New Commission - Cynthia

Through my art dealer and friend Micaëla of Micaëla Contemporary Projects, I have a new commission.  I'm making an art piece for the alcove above her client Cynthia's fireplace, which is a gorgeous, deep green marble.

Cynthia and her husband have a new home, new gardens, their daughter is graduating, and their son is getting married.  I will design an art piece that signifies growth, becoming, and fertility.


After a week of pondering, sketching, thinking, considering a variety of ideas, I settled on my idea to make garden trellises with botanical elements "growing" on them.  

Cynthia loved my idea so I moved forward with the design, making a mock up of the installation.

We planned to start with three trellis panels and follow with one panel each month until all seven are installed.  I'll make the three panels and then the botanical elements.  Here's the first one.

While making the three trellis panels, I began to mock up the piece with actual glass components.  

First a "sketch" on the floor with tape and yarn.  Here's one panel complete and the outline of the second.  The blue squares are nasty outlets I'll have to deal with.  Hopefully the botanical clusters I place in front of them will sufficiently hide them.  

On to the botanical elements.  I used random spare or "dud" parts from my studio, laid them out on top of my large kiln, "sketching" the elements and how they would fit together.  The little jars are filled with glass powders in a variety of colors.  Over the next weeks I replaced the mock parts with actual parts that will be on the panels - the kunquots (upper left), pears (center top), small yellow buds (center), lantenr pods (middle right) and flower petals (lower right) are done.  I usually start with the fruits so I can see their shapes and colors, then decide on shapes and colors for the leaves.  Leaves are difficult and time consuming so I have a habit of procrastinating on those.  I should probably change my practice and always make the leaves first!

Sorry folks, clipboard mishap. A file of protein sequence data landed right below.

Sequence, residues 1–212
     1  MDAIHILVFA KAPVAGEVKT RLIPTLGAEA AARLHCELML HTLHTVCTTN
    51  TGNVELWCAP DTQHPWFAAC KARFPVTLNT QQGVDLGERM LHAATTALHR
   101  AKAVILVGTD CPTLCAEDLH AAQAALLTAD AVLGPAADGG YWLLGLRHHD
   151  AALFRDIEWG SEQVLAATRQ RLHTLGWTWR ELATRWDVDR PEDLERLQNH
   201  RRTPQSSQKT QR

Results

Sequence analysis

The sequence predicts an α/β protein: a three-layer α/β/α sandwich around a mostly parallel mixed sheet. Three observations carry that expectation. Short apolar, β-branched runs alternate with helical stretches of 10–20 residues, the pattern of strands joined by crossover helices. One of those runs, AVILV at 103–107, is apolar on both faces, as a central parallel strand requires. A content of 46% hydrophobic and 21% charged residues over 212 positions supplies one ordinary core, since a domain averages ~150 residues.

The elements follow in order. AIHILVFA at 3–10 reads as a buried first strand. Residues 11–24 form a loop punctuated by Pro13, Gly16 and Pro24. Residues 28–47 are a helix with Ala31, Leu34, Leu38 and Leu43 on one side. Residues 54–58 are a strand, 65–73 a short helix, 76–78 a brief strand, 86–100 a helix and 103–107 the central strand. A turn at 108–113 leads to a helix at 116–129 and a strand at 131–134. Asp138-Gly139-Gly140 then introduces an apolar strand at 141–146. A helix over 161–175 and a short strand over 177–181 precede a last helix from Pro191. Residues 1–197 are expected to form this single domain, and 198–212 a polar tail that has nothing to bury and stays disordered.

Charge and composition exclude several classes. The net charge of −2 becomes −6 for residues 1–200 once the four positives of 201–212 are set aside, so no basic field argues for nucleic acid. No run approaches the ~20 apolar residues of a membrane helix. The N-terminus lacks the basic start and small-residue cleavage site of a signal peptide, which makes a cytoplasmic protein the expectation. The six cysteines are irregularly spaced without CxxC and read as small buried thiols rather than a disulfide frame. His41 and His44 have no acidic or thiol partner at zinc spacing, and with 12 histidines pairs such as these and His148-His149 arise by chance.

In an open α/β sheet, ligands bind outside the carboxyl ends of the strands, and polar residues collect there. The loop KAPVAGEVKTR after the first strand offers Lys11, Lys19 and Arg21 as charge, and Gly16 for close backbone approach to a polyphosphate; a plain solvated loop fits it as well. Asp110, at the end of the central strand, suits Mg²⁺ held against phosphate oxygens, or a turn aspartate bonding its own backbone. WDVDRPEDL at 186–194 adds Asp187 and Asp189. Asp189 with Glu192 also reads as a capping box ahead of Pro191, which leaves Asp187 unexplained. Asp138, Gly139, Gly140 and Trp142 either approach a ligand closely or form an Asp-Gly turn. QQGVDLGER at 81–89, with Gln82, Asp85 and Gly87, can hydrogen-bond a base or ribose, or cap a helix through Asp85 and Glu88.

To further the idea of a growing art piece, I made the clusters individual and removable.  This way the clusters can be moved around among all the trellis panels.


In keeping with the idea of a living, growing art piece, I made two little surprises - a caterpillar just preparing to make its chrysalis and a small green chrysalis.  

To avoid damaging Cynthia's wood, I decided to make a wood base for the piece.  My husband Brent helped with cutting, routing and drilling.  I sanded and painted it, then didn't like the surface so I sanded all that paint off and started over with deeper sanding.  (For your car buffs, just behind me is a '57 Chevy Nomad that Brent is rebuilding.)

I kept worrying about lighting and how the piece would show up in that alcove.  Cynthia has just one small spotlight in front of the alcove and that wouldn't be sufficient, so I decided to install a light strip along the back.  Brent routed out a ledge to mount it on.  

Panels, botanical clusters, wood base and steel trellis supports were made.

The light strip turned out to be a glitch.  We found a beautiful kit at Home Depot only to open it and find the plug and cord were black.  Everything in the kit was clean white, and the plug black.  Who invented that?!  I spent hours researching online and calling around for a white plug that would work with the kit.  On the day of installation I still didn't have that resolved, so we decided to install anyway and change it later if needed.